In addition to bracketing the words “the way we are” in the above excerpt, he also bracketed ‘we’ within the brackets and in my interpretation this means he was not including himself in that “we.” This was a true and fair assessment of himself on several accounts. For one, I don’t think he felt he had ever been fully accepted among some of the elite academics and, as just mentioned, he was leaving a project that he had truly put his heart and soul into because of the lack collegiality. There are numerous accounts in his work that support this interpretation, including his very scant index in this book that includes a listing for “hillbilly,” of course, referring to his having been raised in the Appalachian Mountains of Tennessee. He had made his heart-wrenching point. Beyond that, based on what I had observed and what I have read his close colleagues have written about him in the academic literature, he gave all of his relationships his best and was well known and admired for his commitment, even when people did not hold up their end. He gave and he loved enormously without expectations. That doesn’t mean he didn’t have hope. I can completely empathize with the frustrations he must have felt at times; I experience some of those same frustrations. He had stayed in regular contact with me and I often wondered how he was able to keep up with it all considering the number of people he worked with, from teaching to editing and publishing so many books, to accomplishing his own rigorous research, and to actively engaging in friendly discussions on his website where he generously shared his knowledge. I consciously tried not to bother him for anything trivial, but the weird thing about that was, as I discussed in the early part of this study, he could read my mind and sense my emotions and would reach out to me when he sensed I needed it. As I have learned during my research, Twin Flames are so connected that if one is upset the other feels the emotions. I believe this was happening due to the times and circumstances for which he had contacted me. He did write the book about this form of radical love and consciousness evolution.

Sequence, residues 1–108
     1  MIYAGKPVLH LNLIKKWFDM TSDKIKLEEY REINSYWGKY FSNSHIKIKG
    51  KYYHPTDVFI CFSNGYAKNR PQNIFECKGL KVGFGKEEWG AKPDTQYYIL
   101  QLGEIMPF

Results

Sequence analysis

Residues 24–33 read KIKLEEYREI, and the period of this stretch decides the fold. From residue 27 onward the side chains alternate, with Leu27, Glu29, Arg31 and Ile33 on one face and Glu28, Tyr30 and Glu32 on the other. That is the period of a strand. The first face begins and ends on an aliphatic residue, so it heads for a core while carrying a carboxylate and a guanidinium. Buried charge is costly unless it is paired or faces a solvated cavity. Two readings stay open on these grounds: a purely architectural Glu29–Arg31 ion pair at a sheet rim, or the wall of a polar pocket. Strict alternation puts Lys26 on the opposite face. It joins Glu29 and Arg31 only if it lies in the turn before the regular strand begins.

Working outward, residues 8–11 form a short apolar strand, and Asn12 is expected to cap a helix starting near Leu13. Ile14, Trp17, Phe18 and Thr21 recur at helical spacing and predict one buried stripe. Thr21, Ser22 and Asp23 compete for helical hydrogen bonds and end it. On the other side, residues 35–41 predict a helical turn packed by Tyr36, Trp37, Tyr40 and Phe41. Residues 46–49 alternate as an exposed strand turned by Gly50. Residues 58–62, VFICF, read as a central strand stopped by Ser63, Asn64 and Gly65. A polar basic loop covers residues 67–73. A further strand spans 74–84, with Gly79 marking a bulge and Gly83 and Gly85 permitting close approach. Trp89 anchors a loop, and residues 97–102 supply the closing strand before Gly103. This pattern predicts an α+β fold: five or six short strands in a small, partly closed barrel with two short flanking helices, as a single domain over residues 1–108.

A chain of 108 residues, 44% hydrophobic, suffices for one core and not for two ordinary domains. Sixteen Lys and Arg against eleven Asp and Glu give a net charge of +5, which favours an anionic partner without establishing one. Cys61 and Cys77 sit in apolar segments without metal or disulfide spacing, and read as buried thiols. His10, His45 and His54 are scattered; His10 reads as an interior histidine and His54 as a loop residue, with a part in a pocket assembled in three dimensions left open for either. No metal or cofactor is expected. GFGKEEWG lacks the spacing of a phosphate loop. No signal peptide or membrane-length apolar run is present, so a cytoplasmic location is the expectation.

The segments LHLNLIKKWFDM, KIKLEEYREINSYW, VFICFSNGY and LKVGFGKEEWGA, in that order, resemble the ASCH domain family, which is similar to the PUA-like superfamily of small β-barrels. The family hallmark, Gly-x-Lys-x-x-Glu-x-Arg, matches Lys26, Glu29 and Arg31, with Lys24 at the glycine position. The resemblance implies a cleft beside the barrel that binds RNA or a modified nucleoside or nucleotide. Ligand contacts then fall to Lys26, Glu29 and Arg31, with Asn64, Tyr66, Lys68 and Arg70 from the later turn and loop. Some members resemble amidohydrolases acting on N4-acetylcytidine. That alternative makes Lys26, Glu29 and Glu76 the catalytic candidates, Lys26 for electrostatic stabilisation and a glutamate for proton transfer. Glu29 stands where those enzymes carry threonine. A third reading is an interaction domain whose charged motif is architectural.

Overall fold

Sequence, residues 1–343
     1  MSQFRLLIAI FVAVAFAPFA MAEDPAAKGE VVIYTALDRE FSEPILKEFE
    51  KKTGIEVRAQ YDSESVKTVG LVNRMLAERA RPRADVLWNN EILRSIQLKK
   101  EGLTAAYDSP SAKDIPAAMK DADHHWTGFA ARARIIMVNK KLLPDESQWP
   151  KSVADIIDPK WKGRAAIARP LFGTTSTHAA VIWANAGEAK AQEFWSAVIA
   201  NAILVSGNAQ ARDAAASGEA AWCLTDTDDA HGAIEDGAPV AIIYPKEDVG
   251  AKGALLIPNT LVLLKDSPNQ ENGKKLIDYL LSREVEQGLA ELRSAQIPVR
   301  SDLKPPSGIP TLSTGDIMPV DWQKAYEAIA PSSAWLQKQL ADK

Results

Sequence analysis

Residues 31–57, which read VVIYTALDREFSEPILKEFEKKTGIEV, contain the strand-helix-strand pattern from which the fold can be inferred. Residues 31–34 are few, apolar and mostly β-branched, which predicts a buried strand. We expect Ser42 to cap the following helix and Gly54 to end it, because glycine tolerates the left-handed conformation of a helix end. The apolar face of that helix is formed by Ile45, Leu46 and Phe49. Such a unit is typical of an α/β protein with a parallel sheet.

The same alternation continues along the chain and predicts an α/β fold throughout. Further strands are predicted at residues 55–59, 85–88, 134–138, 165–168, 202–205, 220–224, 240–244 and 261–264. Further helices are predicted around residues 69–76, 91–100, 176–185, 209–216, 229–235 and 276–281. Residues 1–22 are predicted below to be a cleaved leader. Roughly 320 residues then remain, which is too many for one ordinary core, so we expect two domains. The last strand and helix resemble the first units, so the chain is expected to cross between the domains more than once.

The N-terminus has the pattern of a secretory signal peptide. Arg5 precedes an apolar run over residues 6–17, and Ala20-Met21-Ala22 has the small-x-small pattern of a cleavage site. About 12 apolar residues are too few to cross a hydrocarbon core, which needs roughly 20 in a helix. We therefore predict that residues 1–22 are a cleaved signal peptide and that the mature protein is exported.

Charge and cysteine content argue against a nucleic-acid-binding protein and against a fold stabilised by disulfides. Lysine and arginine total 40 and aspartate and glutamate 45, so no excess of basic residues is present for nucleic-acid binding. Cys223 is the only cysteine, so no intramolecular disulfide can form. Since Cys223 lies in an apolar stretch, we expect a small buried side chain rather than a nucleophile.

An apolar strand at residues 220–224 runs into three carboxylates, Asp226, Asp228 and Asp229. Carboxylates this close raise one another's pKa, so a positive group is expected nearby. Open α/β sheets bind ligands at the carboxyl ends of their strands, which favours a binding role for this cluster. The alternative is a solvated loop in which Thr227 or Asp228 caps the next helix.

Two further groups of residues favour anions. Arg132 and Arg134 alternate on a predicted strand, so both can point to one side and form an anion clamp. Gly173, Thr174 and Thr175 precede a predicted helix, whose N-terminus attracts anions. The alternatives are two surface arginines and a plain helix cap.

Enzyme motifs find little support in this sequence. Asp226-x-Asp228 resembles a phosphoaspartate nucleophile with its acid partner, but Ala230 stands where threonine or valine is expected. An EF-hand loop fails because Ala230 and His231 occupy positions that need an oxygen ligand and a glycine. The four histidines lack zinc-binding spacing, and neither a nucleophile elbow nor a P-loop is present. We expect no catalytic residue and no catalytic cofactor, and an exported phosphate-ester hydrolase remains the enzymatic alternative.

That he had made the ultimate forms of unconditional sacrifice and service to others along his path to high spiritual achievement is also documented in the dedication of his bricolage book that includes lyrics from the song, “Accidently Like A Martyr” by Warren Zevon. Joe had suffered. I had looked at that dedication several times and knew there was something about it but could not figure it out. Finally, one day I had opened up the book to that page and it was as if someone leaned over my shoulder and whispered in my ear, “Those are lyrics; google them.” That was when I finally decoded the song. I literally felt his pain and cried for several days over the discovery. Being a Twin Flame can be so extremely painful sometimes. Martyrdom is nothing new for people who attain high levels of consciousness; it seems to go with the territory, but to leave a permanent record of his pain which he had kept hidden behind his perpetual smiles and love tore at my heart. The song may have been a representation of the pain he had suffered throughout his life for being “different,” for being brilliant, and which also had motivated him to write the book about Albert Einstein and The Stigma of Genius. Perhaps the reference to this song was also a signification of his belief that if people would simply have more love in their hearts, if they would seek and live that “radical love,” then no suffering would be necessary. That makes his placing it in the front of his book which provides a guide to his “love bricolage,” the cure for our thanatos-driven world, the map for our quest for our own Golden Chalice, even more significant. Nevertheless, even though he clearly did suffer at times, he had stayed strong and maintained his commitment to providing publishing opportunities for scholars who otherwise might not have the opportunity and he left behind a monumental legacy that will take us all far into the future. Even near the end of his life, he had secured yet another book series agreement, this time with Springer Publishing, which he had spent many years negotiating so that affordable (“less than $30 paperback”) versions of the books would be published for students after selling the library editions for a few months. He was an impeccable role model. An email he had sent me about not having to choose to play roles anymore and signing off at various times with “Evolvingly Yours, Joe” and “Strawberry Fields Forever, Joe” compounded my fears of not having much time left with him. He was preparing me for the inevitable but I shoved the fear out of my conscious awareness.